Though antitrust experts gave AT&T's controversial bid to buy T-Mobile little chance of being approved outright by regulators, AT&T said in a statement that it was "surprised" by the Justice Department's move to block the merger.
Shortly after the Justice Department announced it would file an antitrust suit to stop the acquisition, AT&T general counsel Wayne Watts issued a press release stating the company would "vigorously contest" the lawsuit. AT&T "[remains] confident that this merger is in the best interest of consumers and our country, and the facts will prevail in court," Watts said.
Many disagree: even before the Justice Department's suit, groups ranging from wireless-industry rivals Sprint and Leap to the consumer groups such as the National Hispanic Media Coalition spoke out against AT&T's $39 billion bid to buy T-Mobile. Senator Al Franken said the massive merger posed "threats [...] too large and too irrevocable to be prevented or alleviated by conditions."
"We are surprised and disappointed by today’s action, particularly since we have met repeatedly with the Department of Justice and there was no indication from the DOJ that this action was being contemplated," said Watts. "We plan to ask for an expedited hearing so the enormous benefits of this merger can be fully reviewed. The DOJ has the burden of proving alleged anti-competitive affects and we intend to vigorously contest this matter in court." (Read the full statement here)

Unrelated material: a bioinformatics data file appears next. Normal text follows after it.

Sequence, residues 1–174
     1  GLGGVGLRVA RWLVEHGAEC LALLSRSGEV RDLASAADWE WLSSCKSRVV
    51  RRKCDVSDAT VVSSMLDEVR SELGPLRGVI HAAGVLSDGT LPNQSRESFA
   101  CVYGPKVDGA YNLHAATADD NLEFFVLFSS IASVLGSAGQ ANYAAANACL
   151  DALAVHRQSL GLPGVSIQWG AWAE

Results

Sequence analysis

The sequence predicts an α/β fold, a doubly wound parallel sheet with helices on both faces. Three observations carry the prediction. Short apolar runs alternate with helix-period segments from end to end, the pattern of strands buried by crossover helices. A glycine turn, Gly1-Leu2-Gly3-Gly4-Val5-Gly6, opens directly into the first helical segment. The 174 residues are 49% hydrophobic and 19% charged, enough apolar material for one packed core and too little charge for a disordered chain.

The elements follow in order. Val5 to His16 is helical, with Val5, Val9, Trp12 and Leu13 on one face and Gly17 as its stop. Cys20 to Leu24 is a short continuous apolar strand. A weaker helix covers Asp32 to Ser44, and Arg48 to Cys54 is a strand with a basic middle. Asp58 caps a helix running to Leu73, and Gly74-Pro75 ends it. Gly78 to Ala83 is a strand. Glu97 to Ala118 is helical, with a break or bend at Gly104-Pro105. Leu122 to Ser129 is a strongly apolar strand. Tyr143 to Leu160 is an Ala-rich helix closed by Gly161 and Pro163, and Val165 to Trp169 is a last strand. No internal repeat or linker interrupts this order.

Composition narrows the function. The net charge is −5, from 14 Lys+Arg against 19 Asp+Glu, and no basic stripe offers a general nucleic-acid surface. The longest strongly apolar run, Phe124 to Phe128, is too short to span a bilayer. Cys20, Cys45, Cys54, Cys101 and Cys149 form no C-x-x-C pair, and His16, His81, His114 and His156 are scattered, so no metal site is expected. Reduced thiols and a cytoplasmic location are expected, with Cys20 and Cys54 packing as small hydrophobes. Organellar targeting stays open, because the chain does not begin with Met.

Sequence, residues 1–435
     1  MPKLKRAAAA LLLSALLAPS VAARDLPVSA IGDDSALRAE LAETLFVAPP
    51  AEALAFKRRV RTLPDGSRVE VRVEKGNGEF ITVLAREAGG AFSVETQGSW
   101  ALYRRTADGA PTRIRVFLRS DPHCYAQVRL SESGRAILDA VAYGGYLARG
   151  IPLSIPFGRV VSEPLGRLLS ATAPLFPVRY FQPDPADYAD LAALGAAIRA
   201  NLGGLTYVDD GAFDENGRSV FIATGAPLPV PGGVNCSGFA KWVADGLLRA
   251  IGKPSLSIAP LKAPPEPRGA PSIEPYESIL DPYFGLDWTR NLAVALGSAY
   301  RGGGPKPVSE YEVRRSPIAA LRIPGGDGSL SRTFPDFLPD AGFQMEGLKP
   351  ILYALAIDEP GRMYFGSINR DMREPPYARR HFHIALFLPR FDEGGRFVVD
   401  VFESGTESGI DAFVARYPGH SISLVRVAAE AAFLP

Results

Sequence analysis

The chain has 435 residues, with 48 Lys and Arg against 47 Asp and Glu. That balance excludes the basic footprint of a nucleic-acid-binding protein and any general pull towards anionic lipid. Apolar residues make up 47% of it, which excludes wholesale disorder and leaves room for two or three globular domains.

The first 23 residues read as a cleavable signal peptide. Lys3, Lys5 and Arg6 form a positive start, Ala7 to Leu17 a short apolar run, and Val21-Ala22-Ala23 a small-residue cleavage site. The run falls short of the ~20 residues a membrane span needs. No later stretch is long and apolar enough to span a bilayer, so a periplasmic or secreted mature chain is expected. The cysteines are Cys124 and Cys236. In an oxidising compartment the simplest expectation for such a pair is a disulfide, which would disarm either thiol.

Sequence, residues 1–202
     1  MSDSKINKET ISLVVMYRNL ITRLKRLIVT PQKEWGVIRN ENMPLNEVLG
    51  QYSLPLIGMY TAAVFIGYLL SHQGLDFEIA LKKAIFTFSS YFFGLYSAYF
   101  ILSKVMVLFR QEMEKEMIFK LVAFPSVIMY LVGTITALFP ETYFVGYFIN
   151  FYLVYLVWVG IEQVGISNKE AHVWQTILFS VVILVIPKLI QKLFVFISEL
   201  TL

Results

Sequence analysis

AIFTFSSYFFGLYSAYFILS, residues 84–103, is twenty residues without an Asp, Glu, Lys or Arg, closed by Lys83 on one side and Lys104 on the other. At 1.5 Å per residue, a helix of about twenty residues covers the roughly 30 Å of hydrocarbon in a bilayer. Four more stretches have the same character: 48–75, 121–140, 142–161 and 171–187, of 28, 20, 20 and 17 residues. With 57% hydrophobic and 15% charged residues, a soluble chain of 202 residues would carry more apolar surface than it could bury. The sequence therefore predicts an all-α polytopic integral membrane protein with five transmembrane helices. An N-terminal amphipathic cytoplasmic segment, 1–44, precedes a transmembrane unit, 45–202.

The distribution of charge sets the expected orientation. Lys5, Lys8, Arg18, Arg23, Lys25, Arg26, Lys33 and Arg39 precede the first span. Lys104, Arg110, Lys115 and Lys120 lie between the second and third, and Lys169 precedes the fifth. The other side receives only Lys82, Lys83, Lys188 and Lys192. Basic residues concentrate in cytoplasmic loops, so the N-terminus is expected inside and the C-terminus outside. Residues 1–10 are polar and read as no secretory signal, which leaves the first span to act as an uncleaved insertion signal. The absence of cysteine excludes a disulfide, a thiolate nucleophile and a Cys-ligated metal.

If the deal is not approved by U.S. regulators, AT&T stands to lose not only T-Mobile, but also $3 billion in cash and some of its access to wireless spectrum, which were promised to Deutsche Telekom in the event the acquisition was blocked. According to Wired, "Deutsche Telekom valued the total worth of the kill package at as much as $7 billion."
AT&T rival Sprint, which has opposed the merger since it was announced, praised the Justice Department's decision in its own press release.
"The DOJ today delivered a decisive victory for consumers, competition and our country. By filing suit to block AT&T’s proposed takeover of T-Mobile, the DOJ has put consumers’ interests first," said Sonya B. McCann, Sprint's senior VP of government affairs. "Sprint applauds the DOJ for conducting a careful and thorough review and for reaching a just decision – one which will ensure that consumers continue to reap the benefits of a competitive U.S. wireless industry. Contrary to AT&T’s assertions, today’s action will preserve American jobs, strengthen the American economy, and encourage innovation.”
The Justice Department opposed the deal on the grounds that it would "substantially lessen competition for mobile wireless telecommunications services across the United States, resulting in higher prices, poorer quality services, fewer choices and fewer innovative products for the millions of American consumers who rely on mobile wireless services in their everyday lives."
Read the Justice Department's full statement here. See more reactions to the news below:
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